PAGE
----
The district court in its charge read plaintiff's Point for Charge No. 26(f) which is a quotation from Justice Musmanno's opinion in Spangler v. Helm's New York-Pittsburgh Motor Express, 396 Pa. 482, 485, 153 A.2d 490, 492 (1959) as follows:

The loss of companionship, comfort, society, solace and protection is a loss for which a wrongdoer must pay.

Since there was no objection to this charge we would not, because of its use, reverse. Rule 51, Fed.R.Civ.P. We make reference to it in view of our ultimate disposition here, because as used, the language was objectionable. The charge would be improper for the survival action, and was not clearly limited to the wrongful death action. Moreover in Curnow v. West View Park Company, 337 F.2d 241 (3 Cir. 1964), this court cautioned that the trial judge should cautiously refrain from use of descriptive phrases which are likely to appeal to the emotions of the jurors even though such phrases are contained in the language of reported decisions. The quoted language also has the danger of conveying to the jury the misapprehension that in the wrongful death action the survivors can recover for mental suffering, grief, or loss of companionship. See Byrne v. Matczak, 254 F.2d 525, 530 (3 Cir. 1958); Ferne v. Chadderton, 363 Pa. 191, 197, 69 A.2d 104, 107 (1949); Gaydos v. Domabyl, supra 301 Pa. at 531, 152 A. at 552.

Finally, we come to the two deficiencies which are of sufficient substance to require reversal. The first of these is that, having admitted into evidence (P-18) the life tables published by the United States Department of Health, Education and Welfare, the court charged:

Now, that exhibit shows that a person of Mrs. Haddigan's sex and age at her death had a normal life expectancy of 37.3 years.

That statement was clearly erroneous, for it is undisputed that the life expectancy for decedent's age at the time of her death was only 33.6 years. This error was called to the court's attention, but was not corrected. We cannot assume that the jury overcame the error by recollecting decedent's age and searching through exhibit P-18 for the correct information.

The second substantive defect is the complete absence of any actuarial evidence or guidance from which the jury could have made the calculation of present worth required by the damage charge in both the survival action and the wrongful death action. Having presented the life expectancy table and evidence of the weekly value of lost services, and having sought recovery of future earnings less cost of maintenance, plaintiff offered no evidence from which the jury could have made the computation of present worth. "They were * * * entitled to receive evidence and appropriate mathematical guidance with respect to these matters if they were to act rationally and not upon mere conjecture or guess." Russell v. City of Wildwood, 428 F.2d 1176, 1183 (3 Cir. 1970). Both in New Jersey, where Russell v. City of Wildwood, supra, arose, and in Pennsylvania, actuarial proof of present worth is admissible, though perhaps not mandatory. Matthews v. Nelson, 57 N.J.Super. 515, 155 A.2d 111, 114 (App.Div.1959); Brodie v. Philadelphia Transportation Co., 415 Pa. 296, 203 A.2d 657, 659 (1964). Russell holds that such guidance will be required for juries in federal diversity cases arising under New Jersey substantive law, and we hold that the same guidance shall be required for juries in federal diversity cases arising under Pennsylvania substantive law.*fn2 The absence of such guidance and the court's erroneous instruction as to life expectancy compel reversal.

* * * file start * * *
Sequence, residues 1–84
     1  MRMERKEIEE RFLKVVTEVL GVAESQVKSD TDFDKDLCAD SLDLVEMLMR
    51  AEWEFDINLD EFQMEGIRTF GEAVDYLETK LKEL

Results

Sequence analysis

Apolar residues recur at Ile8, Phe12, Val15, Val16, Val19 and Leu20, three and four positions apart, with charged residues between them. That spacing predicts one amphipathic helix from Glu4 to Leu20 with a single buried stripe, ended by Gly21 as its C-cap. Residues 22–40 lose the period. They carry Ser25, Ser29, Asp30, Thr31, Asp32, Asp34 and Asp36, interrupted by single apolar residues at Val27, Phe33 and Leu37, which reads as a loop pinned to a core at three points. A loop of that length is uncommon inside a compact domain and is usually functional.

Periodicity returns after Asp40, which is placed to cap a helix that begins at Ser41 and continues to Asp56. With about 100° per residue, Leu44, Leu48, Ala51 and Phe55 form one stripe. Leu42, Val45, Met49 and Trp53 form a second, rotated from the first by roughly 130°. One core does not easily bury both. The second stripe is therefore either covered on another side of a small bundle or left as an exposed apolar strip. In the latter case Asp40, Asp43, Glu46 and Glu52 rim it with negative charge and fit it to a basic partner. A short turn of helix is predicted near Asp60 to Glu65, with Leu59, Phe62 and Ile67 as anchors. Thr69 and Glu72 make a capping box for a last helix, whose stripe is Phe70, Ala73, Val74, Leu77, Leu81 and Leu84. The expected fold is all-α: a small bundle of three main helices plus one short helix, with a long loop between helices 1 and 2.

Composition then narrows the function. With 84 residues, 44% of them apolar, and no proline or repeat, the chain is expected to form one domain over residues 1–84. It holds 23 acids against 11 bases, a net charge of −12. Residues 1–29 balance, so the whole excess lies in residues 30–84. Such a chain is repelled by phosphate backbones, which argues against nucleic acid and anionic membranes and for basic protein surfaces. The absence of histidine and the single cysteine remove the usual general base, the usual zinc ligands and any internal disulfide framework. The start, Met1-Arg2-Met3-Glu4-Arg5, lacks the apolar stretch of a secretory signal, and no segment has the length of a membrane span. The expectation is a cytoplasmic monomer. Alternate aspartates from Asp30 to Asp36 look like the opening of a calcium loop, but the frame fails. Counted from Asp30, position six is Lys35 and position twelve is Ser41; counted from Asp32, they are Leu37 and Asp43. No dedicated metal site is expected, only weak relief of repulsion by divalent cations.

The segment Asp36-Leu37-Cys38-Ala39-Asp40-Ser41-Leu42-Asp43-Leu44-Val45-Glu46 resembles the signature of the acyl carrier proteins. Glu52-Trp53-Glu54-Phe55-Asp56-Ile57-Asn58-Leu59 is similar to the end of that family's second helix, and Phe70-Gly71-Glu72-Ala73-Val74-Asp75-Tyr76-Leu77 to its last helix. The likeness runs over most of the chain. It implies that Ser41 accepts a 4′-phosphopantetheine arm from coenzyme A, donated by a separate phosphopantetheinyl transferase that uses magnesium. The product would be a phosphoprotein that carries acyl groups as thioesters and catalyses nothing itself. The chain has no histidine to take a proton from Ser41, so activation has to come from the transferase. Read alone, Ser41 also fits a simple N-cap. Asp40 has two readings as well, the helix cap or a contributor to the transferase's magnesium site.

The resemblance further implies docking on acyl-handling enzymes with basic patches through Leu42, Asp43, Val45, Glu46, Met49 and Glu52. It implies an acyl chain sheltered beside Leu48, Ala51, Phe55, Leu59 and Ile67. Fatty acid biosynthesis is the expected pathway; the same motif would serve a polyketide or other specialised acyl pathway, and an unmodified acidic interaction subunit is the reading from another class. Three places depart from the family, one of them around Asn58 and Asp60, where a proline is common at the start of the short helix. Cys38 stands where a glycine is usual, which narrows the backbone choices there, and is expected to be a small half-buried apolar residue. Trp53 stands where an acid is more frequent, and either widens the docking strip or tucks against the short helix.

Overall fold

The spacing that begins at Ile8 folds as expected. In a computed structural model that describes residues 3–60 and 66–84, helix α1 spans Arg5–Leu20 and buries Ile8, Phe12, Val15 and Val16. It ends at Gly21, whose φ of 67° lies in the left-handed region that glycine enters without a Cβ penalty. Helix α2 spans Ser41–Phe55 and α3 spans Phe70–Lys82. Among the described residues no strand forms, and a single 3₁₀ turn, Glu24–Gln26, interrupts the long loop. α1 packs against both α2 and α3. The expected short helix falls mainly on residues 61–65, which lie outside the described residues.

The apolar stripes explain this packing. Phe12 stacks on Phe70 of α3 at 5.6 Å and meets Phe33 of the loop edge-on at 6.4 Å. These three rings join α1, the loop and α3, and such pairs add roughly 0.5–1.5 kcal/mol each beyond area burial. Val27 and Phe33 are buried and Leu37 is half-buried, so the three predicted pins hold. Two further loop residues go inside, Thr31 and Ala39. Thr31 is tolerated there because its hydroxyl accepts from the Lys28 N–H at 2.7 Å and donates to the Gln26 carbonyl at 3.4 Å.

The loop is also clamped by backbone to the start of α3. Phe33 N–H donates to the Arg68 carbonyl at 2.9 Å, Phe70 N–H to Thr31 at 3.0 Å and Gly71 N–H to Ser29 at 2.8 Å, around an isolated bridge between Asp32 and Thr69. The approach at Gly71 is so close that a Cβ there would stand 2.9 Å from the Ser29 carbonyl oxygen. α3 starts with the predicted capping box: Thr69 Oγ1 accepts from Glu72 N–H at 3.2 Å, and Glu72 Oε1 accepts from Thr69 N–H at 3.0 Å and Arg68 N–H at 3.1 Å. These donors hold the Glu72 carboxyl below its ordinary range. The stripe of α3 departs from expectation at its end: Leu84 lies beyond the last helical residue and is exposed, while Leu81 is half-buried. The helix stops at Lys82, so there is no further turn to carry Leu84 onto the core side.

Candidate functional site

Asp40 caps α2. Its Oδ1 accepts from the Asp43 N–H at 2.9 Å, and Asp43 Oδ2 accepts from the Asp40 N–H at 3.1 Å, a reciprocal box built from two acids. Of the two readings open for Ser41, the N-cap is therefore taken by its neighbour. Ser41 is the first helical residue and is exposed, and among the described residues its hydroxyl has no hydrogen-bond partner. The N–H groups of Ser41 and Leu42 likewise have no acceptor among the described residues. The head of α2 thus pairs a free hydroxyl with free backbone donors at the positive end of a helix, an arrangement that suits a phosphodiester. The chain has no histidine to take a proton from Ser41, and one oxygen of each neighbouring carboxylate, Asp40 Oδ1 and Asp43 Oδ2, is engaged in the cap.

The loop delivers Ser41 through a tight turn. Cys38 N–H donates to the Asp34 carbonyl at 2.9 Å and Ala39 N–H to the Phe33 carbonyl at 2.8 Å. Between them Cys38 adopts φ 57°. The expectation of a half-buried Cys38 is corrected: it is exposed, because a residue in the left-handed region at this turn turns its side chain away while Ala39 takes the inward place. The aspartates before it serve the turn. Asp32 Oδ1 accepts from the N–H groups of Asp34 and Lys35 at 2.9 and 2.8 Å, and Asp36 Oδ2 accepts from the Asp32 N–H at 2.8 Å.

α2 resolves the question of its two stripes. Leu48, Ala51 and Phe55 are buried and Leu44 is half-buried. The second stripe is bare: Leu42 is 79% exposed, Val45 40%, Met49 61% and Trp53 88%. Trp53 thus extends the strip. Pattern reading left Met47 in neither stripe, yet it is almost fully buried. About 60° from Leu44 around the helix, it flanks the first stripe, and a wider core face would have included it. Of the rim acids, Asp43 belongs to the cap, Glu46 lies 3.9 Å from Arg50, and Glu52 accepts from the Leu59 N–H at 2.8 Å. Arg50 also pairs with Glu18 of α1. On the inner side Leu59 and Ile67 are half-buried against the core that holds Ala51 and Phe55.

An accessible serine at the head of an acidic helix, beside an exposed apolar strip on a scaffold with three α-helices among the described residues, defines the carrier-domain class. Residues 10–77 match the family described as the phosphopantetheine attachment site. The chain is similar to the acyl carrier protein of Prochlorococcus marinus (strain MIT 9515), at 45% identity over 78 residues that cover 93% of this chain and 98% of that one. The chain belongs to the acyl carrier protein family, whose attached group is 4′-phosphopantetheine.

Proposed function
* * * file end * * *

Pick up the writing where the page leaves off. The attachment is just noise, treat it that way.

Thus, almost eight years after Mrs. Haddigan's death we are constrained, with the utmost reluctance, to postpone once again the payments of the reparations for her death to which her estate and her surviving children are legally entitled. It seems likely that before they are paid the expense to litigants, to the United States, and to jurors, of determining the amount to which they are entitled will have exceeded their net recovery. There must be a better way.

We have reviewed all the remaining allegations of error with respect to either liability or damages advanced by any party and find each to be without merit. The judgment of the district court will be vacated and the cause remanded for a new trial on the issue of damages only. Each of the parties will bear his own costs.


Per Curiam.